Booting knoppix

This is a discussion on Booting knoppix within the Tech Board forums, part of the Community Boards category; How the hell do you burn a cd wrong? Is there not just one way to do it?...

  1. #16
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    How the hell do you burn a cd wrong? Is there not just one way to do it?

  2. #17
    Woof, woof! zacs7's Avatar
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    No, a *.iso is an image of the ISO9660 filesystem ... in other words it's like having a disc in a file. You need to "extract" the file onto the CD, several burning tools can do it automatically -- I recommend ImgBurn (free)

  3. #18
    &TH of undefined behavior Fordy's Avatar
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    You can save things on most live distros these days without needing to write to the hard drive. Most distros provide a "persistence" mode that uses a usb pen. Takes a little setting up, but once it's done it's rather seamless.

  4. #19
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    Ok I have got it running but cannot connect to the internet. I have no idea how to. ps. wlan isn't working I think I need the driver for linux on my laptop.

  5. #20
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    I tried Ubuntu after I saw near 100 unresolved WLAN questions in knoppix's forums. I can now get on the internet with ethernet but still missing drivers for WLAN.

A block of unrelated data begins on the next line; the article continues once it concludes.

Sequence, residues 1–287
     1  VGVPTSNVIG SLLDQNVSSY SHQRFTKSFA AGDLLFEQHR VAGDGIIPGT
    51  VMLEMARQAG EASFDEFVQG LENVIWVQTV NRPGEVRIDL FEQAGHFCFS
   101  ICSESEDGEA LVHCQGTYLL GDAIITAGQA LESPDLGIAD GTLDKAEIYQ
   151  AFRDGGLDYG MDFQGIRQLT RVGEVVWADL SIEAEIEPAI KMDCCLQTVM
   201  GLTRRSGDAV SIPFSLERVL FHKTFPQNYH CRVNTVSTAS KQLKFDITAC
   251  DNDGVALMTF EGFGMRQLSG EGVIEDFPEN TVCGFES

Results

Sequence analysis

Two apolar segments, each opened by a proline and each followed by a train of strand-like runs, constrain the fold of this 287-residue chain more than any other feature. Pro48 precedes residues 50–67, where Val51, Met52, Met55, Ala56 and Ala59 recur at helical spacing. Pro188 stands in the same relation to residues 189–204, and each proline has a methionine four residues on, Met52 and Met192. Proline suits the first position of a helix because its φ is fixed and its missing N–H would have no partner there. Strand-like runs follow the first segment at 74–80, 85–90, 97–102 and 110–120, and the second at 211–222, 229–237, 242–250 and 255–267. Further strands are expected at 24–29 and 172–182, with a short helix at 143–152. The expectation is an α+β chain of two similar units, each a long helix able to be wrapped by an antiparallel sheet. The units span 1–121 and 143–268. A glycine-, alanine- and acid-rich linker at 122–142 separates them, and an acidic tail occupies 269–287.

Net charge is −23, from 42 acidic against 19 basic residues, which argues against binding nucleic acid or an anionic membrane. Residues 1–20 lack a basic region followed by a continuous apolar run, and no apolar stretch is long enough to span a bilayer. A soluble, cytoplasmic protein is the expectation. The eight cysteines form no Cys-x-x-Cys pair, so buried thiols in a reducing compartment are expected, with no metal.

6. #21
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    Quote Originally Posted by lruc View Post
    I tried Ubuntu after I saw near 100 unresolved WLAN questions in knoppix's forums. I can now get on the internet with ethernet but still missing drivers for WLAN.
    Unfortunately, in the case of many WLAN chip producers do not publish specifications for their chips (so it's very hard to write a driver for those chips), and the company that makes the chip does not produce Linux drivers. There is a "Windows compatible" driver shim - this means you can use a well-behaved Windows driver in Linux. But I'm not clear on all the details of it.

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    Mats
    Compilers can produce warnings - make the compiler programmers happy: Use them!
    Please don't PM me for help - and no, I don't do help over instant messengers.

  7. #22
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    Are there any linux distros that provide any wireless support at all?

  8. #23
    Woof, woof! zacs7's Avatar
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    For WLAN? matsp wasn't speaking in just the case of Ubuntu but Linux in general.

  9. #24
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    Wow that really sucks

  10. #25
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    Quote Originally Posted by lruc View Post
    Wow that really sucks
    Yes, but make sure you tell the chip manufacturers, not the Linux developers - it's the formers fault, not the latter. It's hard work to write drivers for a chip you KNOW how it works - it's near impossible to do for a chip where you don't have any instructions on how the chip actually works.